There is nothing more frustrating than getting a flat mid-ride, many miles away from home. Doing the “walk of shame” to a local bike shop, or fixing the flat on the go can be equally as frustrating, and oftentimes it’s easily messed up.
The worst part is that in most cases, it could have been prevented by taking certain precautions. Let’s take a few backward pedals to see where exactly you went wrong.
Read the Tube First
Take a look at your inner tube. It holds the key to figuring out the reason why you got a puncture in the first place. Generally, there are two main types of punctures. The first type is a puncture from being pierced by a sharp object, which appears as a slash or single hole by itself.
The second, more common type of puncture is a “pinch-flat” or “snake-bite” puncture, which appears as two small holes beside each other caused by the tube being pinched between the ground and rim.
For Pinch Flats:
Increase Tire Pressures
One of the most common reasons for a pinch-flat is because of low tire pressure. Although they can be more comfortable at low pressures, and it’s easier to just not check if your tires are low, you need to be making sure you have adequate air pressure inside your tires for your weight and tire width.
Overinflating can in some cases do just as much harm as underinflating, so make sure to do some testing and research about what pressure will work best for you.
Get Wider Tires
If adding more air to your tires is not an option either because you feel you’re at the max of what should be added, or you just overall prefer a smoother ride, then getting wider tires is a very effective option. Road bikes are trending towards getting wider tires.
This is because people are starting to realize that narrower doesn’t necessarily mean faster rolling, and they feel that the tradeoff of a marginal speed gain is worth the extra comfort.
Wider tires allow you to run lower pressures because of having more room for compliance in the tire without pinching the tube. The result is more grip, fewer punctures, and overall more comfort on the bike.
Go Tubeless or Tubular
With road bike tires and rims getting wider, this means an easier overall tubeless setup. Tubeless tires can be used to reduce pressures, without the risk of pinch flatting a tube, because there is none. Tubeless tires often give weight benefits depending on the setup and give you extra confidence in your descending skills because of added traction.
If you do manage to get a pinch flat even after going tubeless, then they’re usually self-healing depending on the size of the puncture and will allow you to finish the ride.
If you don’t like the idea of tubeless, then you could go with tubular tires. They reduce weight even further and make it nearly impossible to pinch flat at proper pressures.
The drawback is that if you do get any type of puncture, then it becomes difficult to repair, and you might be off the bike for a bit.
Avoid Bumps and Potholes on the Road
My last tip for avoiding pinch-flats is to avoid bumps. It may seem simple, but remember to look far ahead on the road when riding.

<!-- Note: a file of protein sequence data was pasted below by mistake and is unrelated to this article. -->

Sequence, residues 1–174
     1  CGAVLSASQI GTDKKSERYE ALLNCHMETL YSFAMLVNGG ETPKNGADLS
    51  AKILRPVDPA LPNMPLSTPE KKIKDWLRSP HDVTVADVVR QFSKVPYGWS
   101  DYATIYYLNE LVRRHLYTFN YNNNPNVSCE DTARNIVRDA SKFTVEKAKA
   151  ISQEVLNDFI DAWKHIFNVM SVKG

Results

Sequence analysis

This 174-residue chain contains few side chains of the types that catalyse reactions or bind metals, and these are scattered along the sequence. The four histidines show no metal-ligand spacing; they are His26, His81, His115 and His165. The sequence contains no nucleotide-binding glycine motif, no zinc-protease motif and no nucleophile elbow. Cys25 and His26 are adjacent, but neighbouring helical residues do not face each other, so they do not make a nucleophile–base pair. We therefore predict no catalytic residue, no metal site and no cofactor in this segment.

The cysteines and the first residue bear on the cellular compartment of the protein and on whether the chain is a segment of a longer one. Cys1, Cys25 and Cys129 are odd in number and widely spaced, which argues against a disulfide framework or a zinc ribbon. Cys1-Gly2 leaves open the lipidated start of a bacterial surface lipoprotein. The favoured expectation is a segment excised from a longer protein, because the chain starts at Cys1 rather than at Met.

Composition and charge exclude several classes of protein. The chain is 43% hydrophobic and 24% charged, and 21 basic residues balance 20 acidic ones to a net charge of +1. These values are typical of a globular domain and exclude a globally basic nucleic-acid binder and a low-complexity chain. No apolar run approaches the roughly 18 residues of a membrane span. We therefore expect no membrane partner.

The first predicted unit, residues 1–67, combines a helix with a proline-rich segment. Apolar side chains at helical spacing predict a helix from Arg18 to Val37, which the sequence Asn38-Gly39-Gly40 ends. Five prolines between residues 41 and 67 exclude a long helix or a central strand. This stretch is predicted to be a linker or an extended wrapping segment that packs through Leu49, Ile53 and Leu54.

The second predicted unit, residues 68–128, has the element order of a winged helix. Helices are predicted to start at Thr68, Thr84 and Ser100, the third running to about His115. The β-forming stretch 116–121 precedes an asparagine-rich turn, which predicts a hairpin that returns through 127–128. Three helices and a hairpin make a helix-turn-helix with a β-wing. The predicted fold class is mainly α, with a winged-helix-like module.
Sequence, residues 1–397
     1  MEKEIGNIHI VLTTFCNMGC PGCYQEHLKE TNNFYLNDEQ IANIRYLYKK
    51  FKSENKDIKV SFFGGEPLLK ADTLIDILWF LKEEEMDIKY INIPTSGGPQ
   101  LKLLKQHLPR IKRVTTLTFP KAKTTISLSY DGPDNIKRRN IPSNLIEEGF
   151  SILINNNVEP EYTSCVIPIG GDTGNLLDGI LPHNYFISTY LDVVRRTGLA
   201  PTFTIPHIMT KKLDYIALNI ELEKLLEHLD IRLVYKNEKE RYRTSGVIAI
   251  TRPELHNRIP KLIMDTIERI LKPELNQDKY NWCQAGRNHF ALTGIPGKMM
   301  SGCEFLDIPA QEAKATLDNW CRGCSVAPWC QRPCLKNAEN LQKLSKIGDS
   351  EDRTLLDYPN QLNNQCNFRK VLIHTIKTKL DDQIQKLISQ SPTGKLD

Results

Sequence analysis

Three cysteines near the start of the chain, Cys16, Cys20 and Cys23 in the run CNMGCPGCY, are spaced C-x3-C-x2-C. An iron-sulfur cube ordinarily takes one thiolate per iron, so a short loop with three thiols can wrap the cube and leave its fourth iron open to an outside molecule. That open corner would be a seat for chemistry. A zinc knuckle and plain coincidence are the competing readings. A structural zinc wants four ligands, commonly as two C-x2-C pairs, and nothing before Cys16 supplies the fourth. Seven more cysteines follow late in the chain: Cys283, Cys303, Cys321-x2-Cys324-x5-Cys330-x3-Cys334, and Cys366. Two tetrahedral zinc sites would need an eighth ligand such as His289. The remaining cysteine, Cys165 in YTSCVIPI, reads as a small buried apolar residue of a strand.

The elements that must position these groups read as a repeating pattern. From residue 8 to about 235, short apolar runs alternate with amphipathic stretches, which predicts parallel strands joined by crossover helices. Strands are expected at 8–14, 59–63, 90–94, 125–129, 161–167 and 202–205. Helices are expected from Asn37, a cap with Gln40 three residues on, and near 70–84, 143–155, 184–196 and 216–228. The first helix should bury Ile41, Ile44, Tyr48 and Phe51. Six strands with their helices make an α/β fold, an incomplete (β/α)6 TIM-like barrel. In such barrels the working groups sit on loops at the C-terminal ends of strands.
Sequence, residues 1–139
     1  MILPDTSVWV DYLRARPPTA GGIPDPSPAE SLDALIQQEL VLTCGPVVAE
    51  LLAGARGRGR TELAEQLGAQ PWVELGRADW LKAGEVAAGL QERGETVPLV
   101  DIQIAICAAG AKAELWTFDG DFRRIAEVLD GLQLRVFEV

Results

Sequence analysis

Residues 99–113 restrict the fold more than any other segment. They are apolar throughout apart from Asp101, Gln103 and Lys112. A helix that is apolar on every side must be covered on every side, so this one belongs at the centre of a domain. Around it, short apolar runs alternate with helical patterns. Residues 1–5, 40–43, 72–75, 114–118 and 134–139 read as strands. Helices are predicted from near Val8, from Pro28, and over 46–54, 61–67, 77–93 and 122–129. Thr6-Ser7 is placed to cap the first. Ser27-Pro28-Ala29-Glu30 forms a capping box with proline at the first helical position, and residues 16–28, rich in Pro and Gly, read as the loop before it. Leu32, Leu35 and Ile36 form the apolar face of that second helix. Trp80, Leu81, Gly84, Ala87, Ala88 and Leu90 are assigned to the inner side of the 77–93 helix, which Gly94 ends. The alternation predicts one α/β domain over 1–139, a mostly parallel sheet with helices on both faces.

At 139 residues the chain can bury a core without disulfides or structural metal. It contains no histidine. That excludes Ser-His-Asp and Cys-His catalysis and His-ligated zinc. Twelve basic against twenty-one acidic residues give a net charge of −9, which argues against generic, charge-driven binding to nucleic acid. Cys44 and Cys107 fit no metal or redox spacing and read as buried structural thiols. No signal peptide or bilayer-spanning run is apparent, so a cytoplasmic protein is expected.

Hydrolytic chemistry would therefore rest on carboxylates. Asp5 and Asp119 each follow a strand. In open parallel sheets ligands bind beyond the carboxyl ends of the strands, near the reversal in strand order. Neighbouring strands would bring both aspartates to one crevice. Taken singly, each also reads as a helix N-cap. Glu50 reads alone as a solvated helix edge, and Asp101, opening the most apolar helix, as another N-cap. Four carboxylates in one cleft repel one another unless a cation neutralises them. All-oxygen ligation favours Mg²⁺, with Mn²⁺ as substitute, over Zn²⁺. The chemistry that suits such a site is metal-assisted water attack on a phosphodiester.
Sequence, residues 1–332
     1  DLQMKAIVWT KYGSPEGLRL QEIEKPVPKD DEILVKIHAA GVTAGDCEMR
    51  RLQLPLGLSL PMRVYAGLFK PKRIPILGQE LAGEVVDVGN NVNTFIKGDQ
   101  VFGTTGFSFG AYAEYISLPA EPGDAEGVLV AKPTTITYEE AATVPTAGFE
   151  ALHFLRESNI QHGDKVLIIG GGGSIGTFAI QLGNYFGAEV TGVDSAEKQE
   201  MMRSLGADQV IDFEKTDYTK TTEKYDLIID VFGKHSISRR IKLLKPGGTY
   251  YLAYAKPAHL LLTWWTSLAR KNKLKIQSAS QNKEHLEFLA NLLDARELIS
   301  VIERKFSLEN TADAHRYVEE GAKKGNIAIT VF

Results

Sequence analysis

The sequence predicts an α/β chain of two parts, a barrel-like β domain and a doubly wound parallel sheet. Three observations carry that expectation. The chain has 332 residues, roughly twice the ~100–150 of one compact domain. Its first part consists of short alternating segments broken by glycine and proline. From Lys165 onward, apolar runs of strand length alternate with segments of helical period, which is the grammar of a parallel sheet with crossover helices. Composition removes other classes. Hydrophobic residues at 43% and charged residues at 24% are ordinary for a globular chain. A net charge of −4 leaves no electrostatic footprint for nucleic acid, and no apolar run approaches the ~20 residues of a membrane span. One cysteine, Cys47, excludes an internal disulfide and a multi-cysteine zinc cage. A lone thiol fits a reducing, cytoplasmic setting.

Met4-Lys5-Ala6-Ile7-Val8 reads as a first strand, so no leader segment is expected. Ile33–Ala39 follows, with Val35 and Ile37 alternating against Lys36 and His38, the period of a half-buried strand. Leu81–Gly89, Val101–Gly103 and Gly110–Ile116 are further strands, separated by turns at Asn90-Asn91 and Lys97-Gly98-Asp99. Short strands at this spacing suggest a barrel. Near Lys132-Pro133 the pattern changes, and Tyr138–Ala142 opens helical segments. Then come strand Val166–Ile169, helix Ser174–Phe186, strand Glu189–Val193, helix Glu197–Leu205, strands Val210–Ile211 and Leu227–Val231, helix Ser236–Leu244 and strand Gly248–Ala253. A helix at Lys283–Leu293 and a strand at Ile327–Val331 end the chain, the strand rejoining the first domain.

This way, you’ll be able to see any oncoming bumps or potholes, and you’ll be able to avoid them easily. This is an incredibly useful skill to learn for all disciplines of cycling.
For Pierced or Slashed Punctures:
My first piece of advice to prevent slashes or punctures in your tires is to make a careful decision on the kind of tires you’re buying. Some brands have notoriously weak sidewalls, so if you’re worried about that, then purchase tires that have some form of protection in the side walls.
Continental Gatorskins have very thick sidewalls with strong materials in place to reinforce them.
Be careful though, as too much material can add a lot of weight to your bike, and can make the tubeless setup more challenging than it needs to be.
Don’t Use Slicks
Slicks are great for when you want speed. They’re lightweight, and roll very fast. Unfortunately, when it comes to any sort of debris on the road, they don’t handle very well and have a higher risk of a puncture than a tire with cutouts or small channels would.
Small channels allow for sharp debris on the road to be cleared out of the tire without puncturing and provide superior grip on rough or wet conditions.
Inspect the Rim and Tire for Debris
If you’ve got a case of chronic flats, always check your rim and tire for any possible shards of glass they may be sticking out. Check from the inside out, because you can’t always see them from the outside.
Make sure to check very thoroughly by lightly running your fingertips across the inside of the tire. I’ve never seen or heard of anyone getting cut by doing this, but just make sure to do it lightly, because they can be hard to spot by eye.
At the end of the day, flats are inevitable at some point in your life. You can take precautions to greatly minimize the risk of them, but it’s never guaranteed that you won’t get one. When a flat happens to you, just make sure that you’re not stuck on the side of the road without a tube or phone.
Cycling has been a passion of mine ever since I was little, and has grown into my job in a bike shop. My time on the bike is divided equally between mountain and road, but regardless of what I’m on, I enjoy poaching KOMs. Maybe a little bit too much sometimes.